How to manage Seasonal Depression
Image source: https://www.consumerreports.org/

2. Antidepressants may be prescribed by your physician to restore normal serotonin activity in the brain. These medications come with their share of side-effects, but are especially crucial in the treatment of patients where symptoms are debilitating.

3. Just as with any other mental illness, treatment for SAD may require psychotherapy or counselling. This is especially useful in helping patients identify negative thought/behaviour patterns, and to work out healthy ways to cope with the condition.

How to manage Seasonal Depression
Image source: https://careersinpsychology.org/

How to avoid seasonal depression:

In order to understand if SAD is completely avoidable, we must first look at the risk factors and causes behind it:
  1. Family history
  2. History of depression or bipolar disorder
  3. Increased distance from the sunlight-rich equator
  4. A disrupted circadian rhythm
  5. Decrease in levels of serotonin and/or melatonin
In order to prevent seasonal affective disorder from occurring in the first place or recurring if you’ve suffered from it in the past, here are a few tips for seasonal depression, that you can keep in mind before the season begins, so your body can fall into the new cycle.
  1. Get 30 minutes of exercise at least 3 days a week.
  2. Get outdoors whenever possible, even if it’s not sunny. Even a minimum of daylight is enough for your body to make sense of the changing day and night, thereby setting your melatonin production in order.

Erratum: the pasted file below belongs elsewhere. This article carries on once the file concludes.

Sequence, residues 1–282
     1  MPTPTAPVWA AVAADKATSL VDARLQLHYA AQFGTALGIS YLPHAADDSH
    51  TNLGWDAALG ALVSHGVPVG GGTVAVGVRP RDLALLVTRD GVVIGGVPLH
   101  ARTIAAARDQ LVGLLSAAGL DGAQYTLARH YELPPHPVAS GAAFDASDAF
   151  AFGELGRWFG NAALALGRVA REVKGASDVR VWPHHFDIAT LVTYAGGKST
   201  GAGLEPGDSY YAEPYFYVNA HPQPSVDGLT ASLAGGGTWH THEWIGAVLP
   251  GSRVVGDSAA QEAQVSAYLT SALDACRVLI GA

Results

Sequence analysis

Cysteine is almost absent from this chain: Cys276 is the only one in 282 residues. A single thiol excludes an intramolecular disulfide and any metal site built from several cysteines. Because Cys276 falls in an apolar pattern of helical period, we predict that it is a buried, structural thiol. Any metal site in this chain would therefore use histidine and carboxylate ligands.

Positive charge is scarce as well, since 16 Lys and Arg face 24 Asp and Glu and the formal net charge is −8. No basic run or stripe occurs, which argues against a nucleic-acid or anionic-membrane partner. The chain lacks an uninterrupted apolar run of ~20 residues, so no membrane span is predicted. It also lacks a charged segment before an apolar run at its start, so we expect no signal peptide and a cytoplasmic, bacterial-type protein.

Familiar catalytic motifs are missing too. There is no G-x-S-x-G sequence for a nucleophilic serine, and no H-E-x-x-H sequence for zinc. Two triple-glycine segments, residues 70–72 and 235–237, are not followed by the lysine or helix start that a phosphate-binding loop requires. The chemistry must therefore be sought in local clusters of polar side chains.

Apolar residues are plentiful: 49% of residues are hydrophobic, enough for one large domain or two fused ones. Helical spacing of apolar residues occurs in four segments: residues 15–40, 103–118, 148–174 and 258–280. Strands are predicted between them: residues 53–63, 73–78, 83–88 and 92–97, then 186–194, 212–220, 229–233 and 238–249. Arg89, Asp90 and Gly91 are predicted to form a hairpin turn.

3. Make sure that you continue to consume a nutrient-rich diet, abundant in vitamin D and omega 3 fatty acids. Consult your physician to understand more.  
  4. Never miss an opportunity to spend time with family and friends. No matter how unsocial you feel, truth remains – humans are social animals, and being around loving company has been proven to have a positive impact on mental health.
How to manage Seasonal Depression

What you must keep in mind is that seasonal depression, like any mental illness, is often dismissed as “winter blues”. Millions of people across the globe live undiagnosed and untreated, and continue to suffer in silence. The only way to change the status quo is by transforming the current narrative around all mental illnesses at once. Get together with your friends and family and talk about the subject. Talk about feeling blue. Discuss how you once may have had suicidal thoughts at a low point in life and had no one to confide in.

Let’s vow to never let anyone else suffer in silence. One quick way to take a step in the direction is by sharing this article with your friends and family who may live in cold, temperate areas like Alaska, Canada, Russia, Sweden, Norway, Iceland, etc. Let’s spread the word!

“There is no shame in having a mental disorder. It is the stigma and bias associated with it that we must be ashamed of.”